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Russia May Double Fines Under LGBTQ+ 'Propaganda' Law

Vladimir Putin
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The proposal will be discussed by legislators this fall.

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Russia is considering doubling fines for violation of its so-called gay propaganda law.

The law, adopted in 2013, bans any positive discussion of LGBTQ+ issues or identities in venues accessible to minors. It has been used to ban Pride events and punish LGBTQ+ activists. It has also contributed to a generally anti-LGBTQ+ atmosphere and been blamed for hate crimes.

Russian legislators Wednesday released a proposal to double the fine for violation of the law by organizations or other entities to 2 million rubles, the equivalent of $33,000, Reuters reports. The penalty would increase to 5 million rubles for violations online or in media outlets. The fines for individuals would increase to a maximum of 400,000 rubles, and people from other countries would be deported.

The bill will be discussed in the fall session of the State Duma, the lower house of the Federal Assembly, Russia's parliament, Duma member Alexander Khinshtein told Reuters. He and other members of the body would also like to see the "propaganda" ban extended to material shared with adults, an idea that first made news in July.

"Currently, liability only applies to LGBT propaganda among children," he said. "My colleagues on the committee and I would like to extend it to any propaganda of nontraditional sexual relations, regardless of age."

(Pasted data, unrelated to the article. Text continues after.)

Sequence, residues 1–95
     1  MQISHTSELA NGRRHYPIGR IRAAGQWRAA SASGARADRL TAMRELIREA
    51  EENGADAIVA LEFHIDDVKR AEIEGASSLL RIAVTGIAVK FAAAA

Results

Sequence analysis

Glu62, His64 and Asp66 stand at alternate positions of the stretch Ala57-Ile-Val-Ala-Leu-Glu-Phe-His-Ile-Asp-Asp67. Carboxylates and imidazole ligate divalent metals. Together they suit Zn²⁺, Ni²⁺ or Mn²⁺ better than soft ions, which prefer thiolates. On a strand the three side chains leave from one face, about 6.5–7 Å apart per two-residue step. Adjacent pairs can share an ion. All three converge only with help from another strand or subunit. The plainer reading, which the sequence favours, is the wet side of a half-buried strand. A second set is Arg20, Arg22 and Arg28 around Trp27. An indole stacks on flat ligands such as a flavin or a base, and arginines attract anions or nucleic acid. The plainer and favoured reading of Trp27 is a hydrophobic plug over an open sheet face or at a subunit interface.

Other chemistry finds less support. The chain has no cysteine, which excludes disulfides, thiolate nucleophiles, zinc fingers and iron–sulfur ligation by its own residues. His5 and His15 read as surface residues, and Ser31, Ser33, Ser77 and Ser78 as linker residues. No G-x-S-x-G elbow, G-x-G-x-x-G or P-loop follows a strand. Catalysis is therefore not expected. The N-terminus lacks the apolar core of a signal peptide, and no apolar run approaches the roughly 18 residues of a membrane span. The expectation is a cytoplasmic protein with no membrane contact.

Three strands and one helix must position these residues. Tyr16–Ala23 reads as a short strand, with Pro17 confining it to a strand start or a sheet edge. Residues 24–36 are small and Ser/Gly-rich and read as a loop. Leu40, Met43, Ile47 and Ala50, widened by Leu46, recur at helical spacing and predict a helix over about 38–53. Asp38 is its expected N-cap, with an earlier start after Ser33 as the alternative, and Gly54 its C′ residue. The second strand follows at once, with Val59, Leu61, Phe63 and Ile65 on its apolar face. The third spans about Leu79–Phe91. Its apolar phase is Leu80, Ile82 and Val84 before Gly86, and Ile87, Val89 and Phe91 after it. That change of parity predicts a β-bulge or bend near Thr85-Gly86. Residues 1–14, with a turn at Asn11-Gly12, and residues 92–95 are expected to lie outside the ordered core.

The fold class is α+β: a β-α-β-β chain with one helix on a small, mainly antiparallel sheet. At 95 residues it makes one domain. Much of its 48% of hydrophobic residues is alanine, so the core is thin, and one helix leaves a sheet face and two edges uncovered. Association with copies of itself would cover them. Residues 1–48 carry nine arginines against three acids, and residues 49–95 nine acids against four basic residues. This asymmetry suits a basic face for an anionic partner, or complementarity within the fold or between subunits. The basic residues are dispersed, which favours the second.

Russia has enforced the law in a variety of situations. TikTok was recently threatened with a 4 million ruble fine because it shared videos with LGBTQ+ themes, and Russian regulators have asked an association of publishers to consider ending their distribution of books that have LGBTQ+ subject matter, Reuters reports.

Russia's homophobia and transphobia have drawn widespread international condemnation. But legislators said they felt free to expand the "propaganda" law now that the nation has left the Council of Europe, a human rights body. Russia left the group after its invasion of Ukraine this year.

Russia adopted a new constitution in 2020 that allowed for longer presidential terms --to the benefit of President Vladimir Putin -- and defined marriage as solely a male-female union. Putin has allied himself closely with anti-LGBTQ+ forces, including the Russian Orthodox Church.

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Trudy Ring

Trudy Ring is The Advocate’s senior politics editor and copy chief. She has been a reporter and editor for daily newspapers and LGBTQ+ weeklies/monthlies, trade magazines, and reference books. She is a political junkie who thinks even the wonkiest details are fascinating, and she always loves to see political candidates who are groundbreaking in some way. She enjoys writing about other topics as well, including religion (she’s interested in what people believe and why), literature, theater, and film. Trudy is a proud “old movie weirdo” and loves the Hollywood films of the 1930s and ’40s above all others. Other interests include classic rock music (Bruce Springsteen rules!) and history. Oh, and she was a Jeopardy! contestant back in 1998 and won two games. Not up there with Amy Schneider, but Trudy still takes pride in this achievement.
Trudy Ring is The Advocate’s senior politics editor and copy chief. She has been a reporter and editor for daily newspapers and LGBTQ+ weeklies/monthlies, trade magazines, and reference books. She is a political junkie who thinks even the wonkiest details are fascinating, and she always loves to see political candidates who are groundbreaking in some way. She enjoys writing about other topics as well, including religion (she’s interested in what people believe and why), literature, theater, and film. Trudy is a proud “old movie weirdo” and loves the Hollywood films of the 1930s and ’40s above all others. Other interests include classic rock music (Bruce Springsteen rules!) and history. Oh, and she was a Jeopardy! contestant back in 1998 and won two games. Not up there with Amy Schneider, but Trudy still takes pride in this achievement.